Samsung's new S series flagship was just revealed days ago, and it hasn't even hit shelves yet. The Huawei-made Google Nexus 6P, on the other hand, has been around since September 2015. How does the long-time Nexus favorite stack up against the newcomer Galaxy S8?
Jump to a section:
- Samsung Galaxy S8 vs Nexus 6P: design and build quality
- Samsung Galaxy S8 vs Nexus 6P: display
- Samsung Galaxy S8 vs Nexus 6P: software
- Samsung Galaxy S8 vs Nexus 6P: technical specs
- Samsung Galaxy S8 vs Nexus 6P: performance
- Samsung Galaxy S8 vs Nexus 6P: audio
- Samsung Galaxy S8 vs Nexus 6P: camera
- Samsung Galaxy S8 vs Nexus 6P: battery
- Samsung Galaxy S8 vs Nexus 6P: early verdict
Out of the Nexus 6P and Galaxy S8, it's clear which has the better looking design. The Galaxy S8, as a 2017 flagship, is gorgeous and makes a great first impression thanks to its luxurious curves and seamless build quality. The metal frame is quite narrow because of the curved glass on both the back and front of the phone.
The Nexus 6P was the first all-metal Nexus, and still retains its premium feel despite being a few years old now. The front of the 6P is fairly minimal apart from the stereo speakers, but it has huge bezels when compared to the S8. On the back of the phone, though, there's an awkward-looking glass protrusion housing the camera lens and flash which also allows the NFC and antenna to work.
The fingerprint scanner has been moved to the back of the S8 beside the camera, but the scanner on the 6P is easier to reach as it is lower. The S8 has an iris scanner and IP68 certification against water and dust, which the 6P doesn't.
The 6P is taller and wider than the S8, as it's an older phone with a less optimal screen-to-body ratio. The S8's dimensions are 148.9 x 68.1 x 8 mm, while the 6P's are 159.3 x 77.8 x 7.3 mm. The 6P weighs more than the S8 as well, at 178 g vs 152 g. The 6P is a tiny bit thinner, as despite having the bigger battery of the two, it doesn't have wireless charging.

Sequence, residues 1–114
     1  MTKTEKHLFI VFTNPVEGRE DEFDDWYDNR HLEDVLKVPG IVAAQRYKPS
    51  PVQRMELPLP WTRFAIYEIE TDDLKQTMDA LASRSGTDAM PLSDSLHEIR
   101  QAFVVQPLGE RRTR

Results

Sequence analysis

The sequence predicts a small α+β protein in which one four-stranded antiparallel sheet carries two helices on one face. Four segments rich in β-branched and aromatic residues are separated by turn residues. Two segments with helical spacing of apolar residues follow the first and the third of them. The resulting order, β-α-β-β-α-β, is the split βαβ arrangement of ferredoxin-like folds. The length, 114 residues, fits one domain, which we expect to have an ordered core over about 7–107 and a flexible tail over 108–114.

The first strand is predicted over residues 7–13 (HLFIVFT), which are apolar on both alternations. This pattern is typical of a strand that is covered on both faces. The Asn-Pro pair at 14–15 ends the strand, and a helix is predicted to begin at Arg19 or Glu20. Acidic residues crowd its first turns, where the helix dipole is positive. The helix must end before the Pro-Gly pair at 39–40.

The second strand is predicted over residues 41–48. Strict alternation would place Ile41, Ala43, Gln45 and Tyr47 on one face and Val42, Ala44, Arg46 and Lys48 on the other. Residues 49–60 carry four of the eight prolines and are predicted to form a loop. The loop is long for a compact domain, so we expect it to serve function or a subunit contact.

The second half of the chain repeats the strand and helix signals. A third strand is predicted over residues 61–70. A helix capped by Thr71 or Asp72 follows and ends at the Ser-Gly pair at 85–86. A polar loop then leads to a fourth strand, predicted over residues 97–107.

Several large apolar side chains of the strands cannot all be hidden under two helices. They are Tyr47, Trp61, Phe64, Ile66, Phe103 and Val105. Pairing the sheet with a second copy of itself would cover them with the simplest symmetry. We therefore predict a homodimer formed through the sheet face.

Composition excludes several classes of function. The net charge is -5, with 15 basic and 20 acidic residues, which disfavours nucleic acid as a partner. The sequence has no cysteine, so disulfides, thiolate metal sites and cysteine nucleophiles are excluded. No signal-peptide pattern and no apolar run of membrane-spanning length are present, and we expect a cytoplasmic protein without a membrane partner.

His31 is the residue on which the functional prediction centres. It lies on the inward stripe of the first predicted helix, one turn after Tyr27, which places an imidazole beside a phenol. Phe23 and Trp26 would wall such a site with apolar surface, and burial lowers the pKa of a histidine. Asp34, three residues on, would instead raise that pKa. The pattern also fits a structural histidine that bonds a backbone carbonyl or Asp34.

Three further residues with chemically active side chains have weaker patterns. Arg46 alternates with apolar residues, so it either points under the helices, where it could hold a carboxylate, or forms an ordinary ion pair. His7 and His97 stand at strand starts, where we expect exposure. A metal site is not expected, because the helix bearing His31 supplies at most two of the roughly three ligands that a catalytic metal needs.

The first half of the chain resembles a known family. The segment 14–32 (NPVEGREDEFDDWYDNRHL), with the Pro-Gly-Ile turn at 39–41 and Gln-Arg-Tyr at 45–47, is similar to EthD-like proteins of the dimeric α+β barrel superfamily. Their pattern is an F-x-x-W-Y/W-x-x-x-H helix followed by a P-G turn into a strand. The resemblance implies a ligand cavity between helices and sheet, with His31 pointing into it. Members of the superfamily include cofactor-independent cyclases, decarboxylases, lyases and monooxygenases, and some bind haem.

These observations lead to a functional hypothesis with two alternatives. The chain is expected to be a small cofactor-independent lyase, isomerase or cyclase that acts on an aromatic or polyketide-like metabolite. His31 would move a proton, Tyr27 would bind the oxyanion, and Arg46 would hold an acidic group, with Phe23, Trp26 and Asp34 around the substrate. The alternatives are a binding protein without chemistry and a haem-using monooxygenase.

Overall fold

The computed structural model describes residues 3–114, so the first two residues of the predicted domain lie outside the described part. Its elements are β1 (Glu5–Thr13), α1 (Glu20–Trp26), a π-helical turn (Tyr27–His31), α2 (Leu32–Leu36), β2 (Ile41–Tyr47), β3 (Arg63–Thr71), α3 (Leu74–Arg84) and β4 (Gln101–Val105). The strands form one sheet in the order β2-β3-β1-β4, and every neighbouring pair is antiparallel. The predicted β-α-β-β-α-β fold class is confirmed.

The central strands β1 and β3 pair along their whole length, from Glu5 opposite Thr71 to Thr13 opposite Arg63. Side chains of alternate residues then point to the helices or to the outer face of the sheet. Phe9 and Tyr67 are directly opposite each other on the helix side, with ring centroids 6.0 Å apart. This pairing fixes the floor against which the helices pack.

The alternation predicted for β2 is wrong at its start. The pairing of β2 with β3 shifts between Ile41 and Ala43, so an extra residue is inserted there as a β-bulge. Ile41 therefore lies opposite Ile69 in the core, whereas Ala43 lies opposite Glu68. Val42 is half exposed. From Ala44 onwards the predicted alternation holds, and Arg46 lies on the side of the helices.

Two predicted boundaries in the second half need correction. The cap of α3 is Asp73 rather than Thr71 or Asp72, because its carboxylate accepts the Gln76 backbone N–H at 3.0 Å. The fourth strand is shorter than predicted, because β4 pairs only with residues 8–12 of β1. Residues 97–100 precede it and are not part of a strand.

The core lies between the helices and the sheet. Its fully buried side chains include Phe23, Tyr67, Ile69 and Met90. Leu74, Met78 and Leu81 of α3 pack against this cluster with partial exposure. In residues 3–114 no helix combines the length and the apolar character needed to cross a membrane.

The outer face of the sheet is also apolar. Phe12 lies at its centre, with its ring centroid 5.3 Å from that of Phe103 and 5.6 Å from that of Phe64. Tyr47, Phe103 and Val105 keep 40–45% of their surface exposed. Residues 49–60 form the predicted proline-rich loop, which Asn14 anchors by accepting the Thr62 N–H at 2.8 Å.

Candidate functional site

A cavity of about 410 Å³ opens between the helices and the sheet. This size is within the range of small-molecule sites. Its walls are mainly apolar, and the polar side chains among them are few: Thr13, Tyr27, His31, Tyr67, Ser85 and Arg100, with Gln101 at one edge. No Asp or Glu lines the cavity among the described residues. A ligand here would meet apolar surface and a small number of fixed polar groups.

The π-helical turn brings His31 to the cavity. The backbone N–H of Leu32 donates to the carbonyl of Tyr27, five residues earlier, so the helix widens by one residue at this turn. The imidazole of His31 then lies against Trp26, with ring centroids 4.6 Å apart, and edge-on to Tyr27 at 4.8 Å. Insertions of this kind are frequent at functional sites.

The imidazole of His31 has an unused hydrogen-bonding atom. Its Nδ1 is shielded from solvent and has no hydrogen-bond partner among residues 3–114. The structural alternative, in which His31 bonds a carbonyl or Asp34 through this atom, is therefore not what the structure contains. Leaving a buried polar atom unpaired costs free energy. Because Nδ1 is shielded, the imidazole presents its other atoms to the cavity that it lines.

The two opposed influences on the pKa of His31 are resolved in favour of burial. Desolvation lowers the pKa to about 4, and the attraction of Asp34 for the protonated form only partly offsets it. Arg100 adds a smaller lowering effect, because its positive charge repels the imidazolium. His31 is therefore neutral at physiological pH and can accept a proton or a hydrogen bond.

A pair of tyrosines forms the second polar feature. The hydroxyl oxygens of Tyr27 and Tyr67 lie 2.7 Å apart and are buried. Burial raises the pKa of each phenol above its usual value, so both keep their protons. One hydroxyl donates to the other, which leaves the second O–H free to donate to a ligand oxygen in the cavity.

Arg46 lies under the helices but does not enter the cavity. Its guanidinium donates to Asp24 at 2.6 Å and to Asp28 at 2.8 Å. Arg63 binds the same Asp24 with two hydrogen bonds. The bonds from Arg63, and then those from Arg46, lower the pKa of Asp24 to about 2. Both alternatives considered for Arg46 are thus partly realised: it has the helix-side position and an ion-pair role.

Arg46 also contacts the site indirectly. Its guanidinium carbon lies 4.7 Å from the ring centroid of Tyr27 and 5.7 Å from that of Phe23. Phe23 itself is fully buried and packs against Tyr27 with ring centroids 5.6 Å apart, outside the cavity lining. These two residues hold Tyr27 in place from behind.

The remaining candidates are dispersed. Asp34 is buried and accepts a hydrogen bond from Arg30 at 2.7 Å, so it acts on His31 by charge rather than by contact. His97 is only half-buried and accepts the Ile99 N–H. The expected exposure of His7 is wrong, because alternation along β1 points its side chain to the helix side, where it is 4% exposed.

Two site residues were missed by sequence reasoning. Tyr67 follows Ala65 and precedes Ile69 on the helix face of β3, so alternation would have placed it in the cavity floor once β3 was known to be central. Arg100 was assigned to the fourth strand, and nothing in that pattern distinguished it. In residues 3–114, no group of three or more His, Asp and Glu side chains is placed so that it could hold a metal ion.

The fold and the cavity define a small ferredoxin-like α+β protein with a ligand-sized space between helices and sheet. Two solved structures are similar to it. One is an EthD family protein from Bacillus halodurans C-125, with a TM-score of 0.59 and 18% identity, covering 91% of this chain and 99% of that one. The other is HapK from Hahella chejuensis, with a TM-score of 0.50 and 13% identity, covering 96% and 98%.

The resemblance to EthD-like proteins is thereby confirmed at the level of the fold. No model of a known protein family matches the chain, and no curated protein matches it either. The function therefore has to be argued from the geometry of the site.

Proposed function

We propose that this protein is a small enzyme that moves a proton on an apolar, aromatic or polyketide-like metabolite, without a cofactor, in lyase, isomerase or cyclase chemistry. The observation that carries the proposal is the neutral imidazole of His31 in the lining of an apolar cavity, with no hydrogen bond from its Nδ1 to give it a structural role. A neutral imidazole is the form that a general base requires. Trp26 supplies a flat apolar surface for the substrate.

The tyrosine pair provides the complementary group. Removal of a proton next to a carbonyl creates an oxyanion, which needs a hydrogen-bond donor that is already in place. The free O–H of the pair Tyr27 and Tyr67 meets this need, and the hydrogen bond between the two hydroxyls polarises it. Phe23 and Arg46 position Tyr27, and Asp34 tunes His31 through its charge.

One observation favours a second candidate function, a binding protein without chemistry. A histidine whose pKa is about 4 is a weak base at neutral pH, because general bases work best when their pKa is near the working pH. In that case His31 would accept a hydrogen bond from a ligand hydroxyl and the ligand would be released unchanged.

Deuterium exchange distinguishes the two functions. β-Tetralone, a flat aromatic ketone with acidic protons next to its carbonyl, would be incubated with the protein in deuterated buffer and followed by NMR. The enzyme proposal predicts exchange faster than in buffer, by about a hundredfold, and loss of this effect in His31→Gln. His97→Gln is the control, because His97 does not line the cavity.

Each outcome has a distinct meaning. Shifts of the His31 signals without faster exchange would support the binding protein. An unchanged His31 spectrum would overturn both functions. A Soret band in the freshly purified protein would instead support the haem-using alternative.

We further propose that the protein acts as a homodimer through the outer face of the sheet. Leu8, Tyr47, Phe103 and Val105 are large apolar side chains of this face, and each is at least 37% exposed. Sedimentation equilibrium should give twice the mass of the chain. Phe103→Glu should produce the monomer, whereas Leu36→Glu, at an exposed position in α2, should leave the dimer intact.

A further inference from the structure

Although the Nexus 6P being larger and heavier, the Galaxy S8 has a slightly larger 5.8-inch display, compared to the 6P's 5.7 inches. The S8 has a larger resolution and higher pixel density as well. The S8's resolution is 2960 x 1440 pixels, while the 6P's is 2560 x 1440 pixels. Their pixel densities are 568 ppi and 515 ppi, respectively. But that's enough about the numbers.
The main focus of Samsung's new flagship is the beautiful front of the device, and in addition to a low screen-to-body ratio, the display looks fantastic. In our hands-on test, the S8's display was sharp and bright. It's packing a Super AMOLED display with a wide color space, and it has Samsung's edge display design and functionality. It doesn’t interfere with the viewing angles as much as it did with the S7. When you look at the front of the phone, your view of the display isn't obscured as the curves are very subtle.
The Nexus 6P's display is also bright and crisp and the are colors well-represented. The viewing angles are also superior - even at a 70-degree angle, content is still readable. Until we do a full review of the S8, we can't directly compare both screens in our office side-by-side to provide you with specific details, but it seems that the S8's screen impresses us more in general.
Both the Nexus 6P and S8 run Android Nougat, so the main difference between the two in terms of software is the UI. The 6P has stock Android, while the S8 has the latest version of Samsung's custom UI, which has been refined from previous versions.
The Nexus 6P shipped with Android 6.0 Marshmallow, and has since been updated to Nougat. As a Google device, the 6P has the advantage of fast updates and a speedy interface.
Samsung Galaxy S8 vs. Google Nexus 6P technical specifications
|@VARIANT||Google Nexus 6P|
|Dimensions:||148.9 x 68.1 x 8 mm||159.3 x 77.8 x 7.3 mm|
|Weight:||152 g||178 g|
|Battery size:||3000 mAh||3450 mAh|
|Screen size:||5.8 in||5.7 in|
|Screen:||2960 x 1440 pixels (568 ppi)||2560 x 1440 pixels (515 ppi)|
|Front camera:||8 megapixels||8 megapixels|
|Rear camera:||12 megapixels||12.3 megapixels|
|Android version:||7.0 - Nougat||6.0 - Marshmallow|
|User interface:||TouchWiz||Stock Android|
|RAM:||4 GB||3 GB|